After dominating defenders at Illinois Valley Central, Brandon Ratcliff has taken his talents to Chadron State College in Nebraska.


After dominating defenders at Illinois Valley Central, Brandon Ratcliff has taken his talents to Chadron State College in Nebraska.

“I’ve been living out there over the summer and training with the coaches and other players,” Ratcliff said. “The workouts have been going really well. I’ve been getting my strength up and putting some weight on.”

Ratcliff found himself with more playing time in a successful season last year.

“Last season went really well,” Ratcliff said. “I got some pretty good playing time at right guard. It was a pretty good season. We came one win away from winning our (Rocky Mountain Athletic) conference and lost in triple overtime. We finished with an 8-3 record.”

Next season, Ratcliff  said he hopes to build on the success that the team had last season.

“We definitely want to win our conference this season,” Ratcliff said. “We were one win short of it last season so we want to finish this year. We also want to try and go undefeated and get a first round bye in the playoffs. It’ll be tough but I feel like we can do it.”

Ratcliff, a red-shirt junior, says his coach, Bill O’Boyle, IVC Athletic Director Denny O’Boyle’s brother, has helped him improve his technique for the college level.

“Coach O’Boyle is one of the best coaches for offensive lineman, and I’ve learned a lot of new techniques from him,” Ratcliff said. “You learn a lot more in college than in high school because you just play one position and you get a lot more one-on-one with the coaches for your position.”

It was O’Boyle’s connection at Chadron State that first got Ratcliff interested in the Eagles.

“I got the recommendation for the school from Denny so we made the trip out to check out the school,” Ratcliff said. “The atmosphere on the team is really what drove me in. There isn’t a lot to do in the area, so the guys on the team spend a lot of time together and we’re all really close.”

Not only did going to IVC give Ratcliff the idea to play at Chadron, it also gave him the mentality to play college football through his playing on the football and baseball team.

“IVC definitely taught me work ethic because I was a captain there and learned how to get guys ready to play,” Ratcliff said. “Coach Kilmer at IVC really helped me to build a work ethic about working out and being my best.”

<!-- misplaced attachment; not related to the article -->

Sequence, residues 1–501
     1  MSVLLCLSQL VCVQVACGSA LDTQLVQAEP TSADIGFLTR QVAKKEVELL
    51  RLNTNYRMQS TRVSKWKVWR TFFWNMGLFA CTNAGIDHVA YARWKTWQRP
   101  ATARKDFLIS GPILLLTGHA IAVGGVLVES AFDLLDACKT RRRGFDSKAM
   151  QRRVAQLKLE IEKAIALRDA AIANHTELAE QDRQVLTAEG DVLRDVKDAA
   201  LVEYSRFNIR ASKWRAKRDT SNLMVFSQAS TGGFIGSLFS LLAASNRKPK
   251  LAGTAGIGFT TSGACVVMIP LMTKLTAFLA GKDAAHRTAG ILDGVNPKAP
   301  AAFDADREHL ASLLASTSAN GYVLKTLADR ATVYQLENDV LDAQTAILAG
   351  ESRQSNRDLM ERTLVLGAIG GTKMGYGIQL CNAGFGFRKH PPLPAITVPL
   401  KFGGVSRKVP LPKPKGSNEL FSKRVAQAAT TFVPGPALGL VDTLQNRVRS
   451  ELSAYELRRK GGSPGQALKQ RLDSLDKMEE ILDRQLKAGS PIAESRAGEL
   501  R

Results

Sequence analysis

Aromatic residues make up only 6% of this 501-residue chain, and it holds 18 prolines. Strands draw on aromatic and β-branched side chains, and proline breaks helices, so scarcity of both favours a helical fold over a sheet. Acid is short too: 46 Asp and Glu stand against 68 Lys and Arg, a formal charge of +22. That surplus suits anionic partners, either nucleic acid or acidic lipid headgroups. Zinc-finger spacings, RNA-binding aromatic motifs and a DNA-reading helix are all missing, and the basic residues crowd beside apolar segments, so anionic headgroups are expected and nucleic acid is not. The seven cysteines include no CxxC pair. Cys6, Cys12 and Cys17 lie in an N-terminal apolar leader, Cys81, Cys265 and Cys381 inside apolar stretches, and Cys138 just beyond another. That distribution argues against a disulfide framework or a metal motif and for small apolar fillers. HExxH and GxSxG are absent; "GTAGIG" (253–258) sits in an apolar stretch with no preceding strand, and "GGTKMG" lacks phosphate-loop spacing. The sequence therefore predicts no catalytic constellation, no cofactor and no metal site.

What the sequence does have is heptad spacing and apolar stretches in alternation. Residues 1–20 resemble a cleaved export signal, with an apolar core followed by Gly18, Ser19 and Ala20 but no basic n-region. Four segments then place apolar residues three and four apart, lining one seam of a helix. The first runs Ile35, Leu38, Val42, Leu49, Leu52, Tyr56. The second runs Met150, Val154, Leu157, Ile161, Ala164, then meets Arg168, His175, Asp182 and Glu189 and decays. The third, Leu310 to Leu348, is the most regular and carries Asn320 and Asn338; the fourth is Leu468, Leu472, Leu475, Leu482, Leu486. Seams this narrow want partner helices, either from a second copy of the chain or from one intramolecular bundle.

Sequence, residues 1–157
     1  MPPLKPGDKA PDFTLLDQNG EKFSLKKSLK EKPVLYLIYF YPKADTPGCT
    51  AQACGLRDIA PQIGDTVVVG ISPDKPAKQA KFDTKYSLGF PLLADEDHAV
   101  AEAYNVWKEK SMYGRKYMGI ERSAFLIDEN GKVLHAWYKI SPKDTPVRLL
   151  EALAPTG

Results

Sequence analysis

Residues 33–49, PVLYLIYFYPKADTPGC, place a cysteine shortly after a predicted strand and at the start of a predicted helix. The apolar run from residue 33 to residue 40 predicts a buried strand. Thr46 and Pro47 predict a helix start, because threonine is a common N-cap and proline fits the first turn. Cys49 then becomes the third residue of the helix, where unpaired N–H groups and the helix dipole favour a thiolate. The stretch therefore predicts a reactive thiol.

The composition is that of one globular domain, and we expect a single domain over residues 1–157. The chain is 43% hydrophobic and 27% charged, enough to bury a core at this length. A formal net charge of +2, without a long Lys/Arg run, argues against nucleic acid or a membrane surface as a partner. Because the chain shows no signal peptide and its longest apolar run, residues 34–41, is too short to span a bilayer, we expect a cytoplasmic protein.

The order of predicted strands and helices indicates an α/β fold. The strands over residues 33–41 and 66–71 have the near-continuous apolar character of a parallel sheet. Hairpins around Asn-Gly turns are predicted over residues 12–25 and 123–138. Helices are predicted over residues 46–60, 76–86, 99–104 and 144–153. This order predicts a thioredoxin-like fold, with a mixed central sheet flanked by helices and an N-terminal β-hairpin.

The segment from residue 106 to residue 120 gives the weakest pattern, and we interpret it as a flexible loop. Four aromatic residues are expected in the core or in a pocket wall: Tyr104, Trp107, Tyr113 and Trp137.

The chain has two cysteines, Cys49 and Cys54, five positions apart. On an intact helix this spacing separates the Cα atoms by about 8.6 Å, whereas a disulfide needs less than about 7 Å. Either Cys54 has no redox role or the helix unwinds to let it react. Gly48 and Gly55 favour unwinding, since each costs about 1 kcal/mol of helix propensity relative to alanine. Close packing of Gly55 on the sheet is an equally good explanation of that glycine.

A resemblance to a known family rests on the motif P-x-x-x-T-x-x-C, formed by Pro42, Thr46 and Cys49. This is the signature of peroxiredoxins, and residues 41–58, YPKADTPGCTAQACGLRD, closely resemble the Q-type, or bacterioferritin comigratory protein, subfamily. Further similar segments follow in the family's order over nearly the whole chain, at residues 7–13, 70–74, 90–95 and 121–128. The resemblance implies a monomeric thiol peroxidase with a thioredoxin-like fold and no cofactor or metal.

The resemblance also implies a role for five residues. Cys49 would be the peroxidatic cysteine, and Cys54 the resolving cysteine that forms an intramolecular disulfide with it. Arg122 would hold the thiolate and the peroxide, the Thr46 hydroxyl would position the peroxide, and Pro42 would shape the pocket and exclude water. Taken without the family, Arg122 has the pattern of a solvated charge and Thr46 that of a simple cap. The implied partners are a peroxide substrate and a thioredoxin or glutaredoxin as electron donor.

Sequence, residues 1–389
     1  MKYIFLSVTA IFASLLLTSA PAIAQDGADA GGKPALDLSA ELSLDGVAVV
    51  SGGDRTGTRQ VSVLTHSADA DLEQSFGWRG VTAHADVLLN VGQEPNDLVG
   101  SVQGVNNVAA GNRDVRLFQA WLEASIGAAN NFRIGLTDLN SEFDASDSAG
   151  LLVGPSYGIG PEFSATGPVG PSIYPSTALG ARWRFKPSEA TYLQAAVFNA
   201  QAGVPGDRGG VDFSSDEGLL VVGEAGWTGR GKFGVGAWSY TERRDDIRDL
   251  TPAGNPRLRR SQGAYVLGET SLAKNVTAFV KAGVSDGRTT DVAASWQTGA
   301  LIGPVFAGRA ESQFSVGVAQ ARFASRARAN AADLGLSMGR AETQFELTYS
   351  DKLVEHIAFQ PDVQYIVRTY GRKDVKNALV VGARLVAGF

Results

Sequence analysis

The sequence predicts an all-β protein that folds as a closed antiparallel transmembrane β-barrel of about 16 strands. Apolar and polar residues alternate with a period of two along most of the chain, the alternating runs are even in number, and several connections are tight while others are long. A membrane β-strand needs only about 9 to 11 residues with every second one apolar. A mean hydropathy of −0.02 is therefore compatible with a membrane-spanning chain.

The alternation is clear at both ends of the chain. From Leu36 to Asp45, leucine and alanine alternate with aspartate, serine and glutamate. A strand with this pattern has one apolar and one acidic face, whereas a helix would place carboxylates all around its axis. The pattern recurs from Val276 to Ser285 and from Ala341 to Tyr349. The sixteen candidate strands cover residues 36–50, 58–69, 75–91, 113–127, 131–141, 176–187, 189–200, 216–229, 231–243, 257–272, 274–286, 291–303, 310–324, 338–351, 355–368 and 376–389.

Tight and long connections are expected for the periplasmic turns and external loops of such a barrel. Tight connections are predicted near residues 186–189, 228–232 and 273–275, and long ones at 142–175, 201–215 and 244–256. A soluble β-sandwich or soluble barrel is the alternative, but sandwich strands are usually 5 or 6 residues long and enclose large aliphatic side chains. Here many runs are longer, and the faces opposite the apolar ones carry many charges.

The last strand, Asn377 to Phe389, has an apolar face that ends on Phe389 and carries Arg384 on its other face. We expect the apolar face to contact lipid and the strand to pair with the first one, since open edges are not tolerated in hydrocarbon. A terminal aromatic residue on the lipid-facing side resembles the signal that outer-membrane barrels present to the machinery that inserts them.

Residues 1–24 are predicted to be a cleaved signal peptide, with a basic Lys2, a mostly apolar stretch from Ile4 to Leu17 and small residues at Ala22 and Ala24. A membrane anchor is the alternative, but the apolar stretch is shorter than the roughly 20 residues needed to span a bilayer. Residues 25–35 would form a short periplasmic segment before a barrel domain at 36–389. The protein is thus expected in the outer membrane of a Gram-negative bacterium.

While his current job may be student and football player, Ratcliff has his eyes set on some lofty goals after college.

“Right now I’m getting an education degree in social studies and an endorsement for coaching,” Ratcliff said. “We’ll see where it takes me and where they end up placing me, but I’d like to come back to work in the area.”

That love of the area is something that made Chadron college feel like home.

“One thing I love about being here is how much the town is like Chillicothe,” Ratcliff said.

While he may be far from home, Ratcliff still keeps in touch with his IVC friends, and has advice for current players.

“It’s all about loving the sport that you play,” Ratcliff said. “I was talking with another IVC graduate, Ryan Ambrose, and we were talking about how, if someone really wants to go far in whatever sport they are in, then they have to be willing to do the work and to take the time to improve their skills on their own.”

Listening to Ratcliff talk about football, it is easy to hear that he follows his own advice.

“I love the intensity of football,” Ratcliff said. “I’m really competitive and we have a lot of really competitive guys on the team, so that makes for really tough practices where the offense and defense beat up on each other. We go at it really hard in practice for bragging rights in the locker room that day.”

While Ratcliff is preparing for another tough season, he said he feels that IVC can have a positive football season as well.

“I know IVC has had some trouble in the playoffs recently, but if the team wants to have success in the playoffs, then the kids have to really work hard in the weight room and put in that time when no one is watching,” Ratcliff said.